With many incoming college students unable to afford rising tuition costs, and low-cost federal loans only providing some assistance, private student loans have become a necessary evil for some in recent years. But those higher-interest loans are leading to increased levels of debt among young Americans. Lawmakers are once again promoting a long talked-about bill to protect students.
This week, Sen. Sherrod Brown from Ohio signed on as a co-sponsor and began promoting the Know Before You Owe Act, a bill that would require much fuller disclosure of the loan terms and the options, the Plain Dealer reports.
First introduced in the Senate January 2013 by Sen. Richard Durbin of Illinois and in the House by Jared Polis of Colorado, the bill could help prevent student loan debt from increasing as rapidly as it has in the past. Today, 71% of students leave college with an average of $29,400 in student loan debt.
The bill would require lenders to clearly state a student’s costs, provide an update to students at least every three months, and provide an annual update to the Consumer Financial Protection Bureau. And maybe most importantly, the bill would require lenders to provide loan information that is easily discernible to students.
With one-in-three students loans considered delinquent and often affecting a student’s ability to make purchases in the future, the bill would require schools and private lenders to disclose the differences between federal and private loan options.
Not surprisingly, the for-profit college industry — by far the largest beneficiary of private student loans and the educational sector with the highest rate of drop-outs and loan delinquency — is opposed to more transparency on student loans.
“What we really need is better disclosure, not more,” a spokesman for the Association of Private Sector Colleges and Universities, which represents for-profit schools, tells the Plain Dealer. “[This is] another piece of legislation to add to what we have now.”
Still, some student advocates say the bill could make or break a student’s future.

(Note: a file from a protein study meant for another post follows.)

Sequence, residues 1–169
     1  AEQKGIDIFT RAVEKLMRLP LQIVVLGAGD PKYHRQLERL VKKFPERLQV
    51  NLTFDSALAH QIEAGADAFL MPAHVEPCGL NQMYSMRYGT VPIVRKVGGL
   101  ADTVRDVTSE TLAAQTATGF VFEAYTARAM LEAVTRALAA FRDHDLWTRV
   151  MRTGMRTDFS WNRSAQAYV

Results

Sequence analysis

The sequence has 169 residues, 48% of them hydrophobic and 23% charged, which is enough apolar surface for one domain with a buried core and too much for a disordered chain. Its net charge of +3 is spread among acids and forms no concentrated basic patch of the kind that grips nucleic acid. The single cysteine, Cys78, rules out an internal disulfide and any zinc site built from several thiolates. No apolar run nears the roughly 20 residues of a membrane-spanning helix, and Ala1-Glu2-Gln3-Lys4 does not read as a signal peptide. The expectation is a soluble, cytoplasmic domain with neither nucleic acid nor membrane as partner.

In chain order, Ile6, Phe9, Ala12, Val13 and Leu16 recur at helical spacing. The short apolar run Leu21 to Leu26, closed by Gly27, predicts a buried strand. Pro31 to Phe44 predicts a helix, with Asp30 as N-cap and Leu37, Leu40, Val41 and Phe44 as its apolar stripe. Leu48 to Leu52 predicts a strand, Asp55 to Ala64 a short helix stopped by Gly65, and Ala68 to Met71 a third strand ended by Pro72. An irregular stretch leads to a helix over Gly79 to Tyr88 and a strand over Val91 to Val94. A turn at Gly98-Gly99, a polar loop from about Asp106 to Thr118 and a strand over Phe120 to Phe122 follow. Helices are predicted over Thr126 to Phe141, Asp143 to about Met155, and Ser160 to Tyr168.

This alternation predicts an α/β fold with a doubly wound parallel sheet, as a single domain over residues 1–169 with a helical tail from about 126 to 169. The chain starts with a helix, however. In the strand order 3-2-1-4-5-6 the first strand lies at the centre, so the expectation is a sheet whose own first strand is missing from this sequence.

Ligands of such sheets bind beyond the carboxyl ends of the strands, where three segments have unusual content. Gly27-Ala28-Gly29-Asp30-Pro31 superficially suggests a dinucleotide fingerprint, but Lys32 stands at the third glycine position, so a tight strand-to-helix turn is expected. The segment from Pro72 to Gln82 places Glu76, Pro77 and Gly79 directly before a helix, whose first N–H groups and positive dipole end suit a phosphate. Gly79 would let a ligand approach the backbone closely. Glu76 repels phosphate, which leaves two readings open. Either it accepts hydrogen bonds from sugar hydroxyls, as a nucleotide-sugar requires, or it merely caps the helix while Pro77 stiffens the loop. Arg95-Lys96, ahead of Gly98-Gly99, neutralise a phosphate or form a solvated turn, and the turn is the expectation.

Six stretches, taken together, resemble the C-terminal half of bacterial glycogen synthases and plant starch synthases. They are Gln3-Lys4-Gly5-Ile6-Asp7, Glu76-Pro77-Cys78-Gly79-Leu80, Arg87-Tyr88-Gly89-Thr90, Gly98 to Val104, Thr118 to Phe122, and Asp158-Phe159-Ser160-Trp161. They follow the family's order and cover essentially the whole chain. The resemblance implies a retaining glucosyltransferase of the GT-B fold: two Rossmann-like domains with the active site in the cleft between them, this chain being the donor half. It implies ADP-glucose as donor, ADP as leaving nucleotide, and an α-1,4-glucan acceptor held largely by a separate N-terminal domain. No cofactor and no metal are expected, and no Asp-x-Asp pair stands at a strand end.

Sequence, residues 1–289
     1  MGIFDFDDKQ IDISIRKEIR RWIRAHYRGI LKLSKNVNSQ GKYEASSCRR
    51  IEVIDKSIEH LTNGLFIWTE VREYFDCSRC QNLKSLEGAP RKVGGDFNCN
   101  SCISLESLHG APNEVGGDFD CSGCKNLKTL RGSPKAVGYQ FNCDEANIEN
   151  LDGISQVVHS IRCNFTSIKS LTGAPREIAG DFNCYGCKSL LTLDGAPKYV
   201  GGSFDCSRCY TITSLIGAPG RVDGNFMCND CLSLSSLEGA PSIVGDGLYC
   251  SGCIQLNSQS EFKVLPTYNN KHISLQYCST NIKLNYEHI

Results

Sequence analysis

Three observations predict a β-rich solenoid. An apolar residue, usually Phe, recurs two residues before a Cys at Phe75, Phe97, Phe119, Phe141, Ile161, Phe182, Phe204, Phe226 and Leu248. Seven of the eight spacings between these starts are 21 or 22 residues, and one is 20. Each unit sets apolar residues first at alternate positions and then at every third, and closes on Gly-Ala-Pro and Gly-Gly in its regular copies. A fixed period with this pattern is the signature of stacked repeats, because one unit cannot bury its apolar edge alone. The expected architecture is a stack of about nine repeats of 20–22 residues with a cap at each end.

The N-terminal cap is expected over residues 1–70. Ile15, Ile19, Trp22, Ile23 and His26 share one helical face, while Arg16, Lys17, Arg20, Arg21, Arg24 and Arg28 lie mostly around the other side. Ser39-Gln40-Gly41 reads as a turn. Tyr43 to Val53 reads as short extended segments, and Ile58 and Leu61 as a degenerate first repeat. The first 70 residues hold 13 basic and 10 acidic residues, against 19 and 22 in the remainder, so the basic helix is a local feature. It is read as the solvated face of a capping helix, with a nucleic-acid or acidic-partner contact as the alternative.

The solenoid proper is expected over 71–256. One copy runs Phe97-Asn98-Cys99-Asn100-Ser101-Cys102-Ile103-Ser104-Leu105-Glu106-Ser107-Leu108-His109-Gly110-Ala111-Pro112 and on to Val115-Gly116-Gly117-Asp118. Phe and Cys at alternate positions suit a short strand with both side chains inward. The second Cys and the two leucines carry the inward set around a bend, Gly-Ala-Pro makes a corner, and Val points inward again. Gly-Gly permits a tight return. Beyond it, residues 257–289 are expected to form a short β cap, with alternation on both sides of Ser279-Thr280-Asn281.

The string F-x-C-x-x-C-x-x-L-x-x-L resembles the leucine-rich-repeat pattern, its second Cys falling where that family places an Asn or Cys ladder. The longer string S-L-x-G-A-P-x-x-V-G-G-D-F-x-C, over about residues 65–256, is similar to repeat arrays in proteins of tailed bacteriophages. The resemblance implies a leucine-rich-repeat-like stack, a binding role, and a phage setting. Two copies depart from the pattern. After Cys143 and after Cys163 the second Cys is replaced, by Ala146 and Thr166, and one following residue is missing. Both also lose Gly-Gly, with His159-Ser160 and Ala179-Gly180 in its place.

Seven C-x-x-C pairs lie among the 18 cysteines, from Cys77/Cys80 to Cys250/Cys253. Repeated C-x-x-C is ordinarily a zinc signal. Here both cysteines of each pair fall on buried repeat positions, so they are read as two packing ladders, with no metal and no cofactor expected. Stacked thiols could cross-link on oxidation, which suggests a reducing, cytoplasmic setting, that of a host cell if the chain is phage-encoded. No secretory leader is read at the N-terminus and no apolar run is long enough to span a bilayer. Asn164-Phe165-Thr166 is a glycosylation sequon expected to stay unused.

Lee Friedman, the chief executive officer of College Now Greater Cleveland tells the Plain Dealer that students and parents should know what kinds of employment options and other financial aid opportunities exist before they sign private loan papers.
Friedman contends the bill wouldn’t add to an overload of information for student, instead it could provide better transparency and easy to understand content.
“There’s no question there’s enough information available to all of us in this society for darn near anything,” he tells the Plain Dealer. “The problem is the quality of the information, the presentation of it… You shouldn’t have to be a lawyer”.
Concern for student information overload stems from the government’s consumer tools aimed to provide students with individual college cost estimates. Families can research information about potential colleges with the College Navigator, while the College Scorecard provides information about college affordability.
Additionally, the model financial aid award letter and college’s net-price calculators can help student understand the cost of college and what financial aid opportunities are available to them.
However, there has been much debate about what should be included in the College Navigator. Factors such as default and dropout rates can change significantly if viewed over different periods of time, especially for technical schools.
Viewed one way, a technical college may appear to be turning out well-trained technicians, barbers and stylists, but when looking at a different set of data the school could appear to have high dropout rates.
In any case, the products don’t seem to make much difference when it comes to the mounting debt and default rates college graduates and dropouts face.
In 2012, the Department of Education provided a report looking at the default rates of student three years into their student loan repayments.
When looking at students whose first loan payments came due in Oct. 2008 and Oct. 2009, the department found that 22.7% of those who had gone to a for-profit college had defaulted by Sept. 2011, double the 11% three-year default rate for students at public institutions and triple the rate (7.5%) for those who had gone to private, non-profit schools.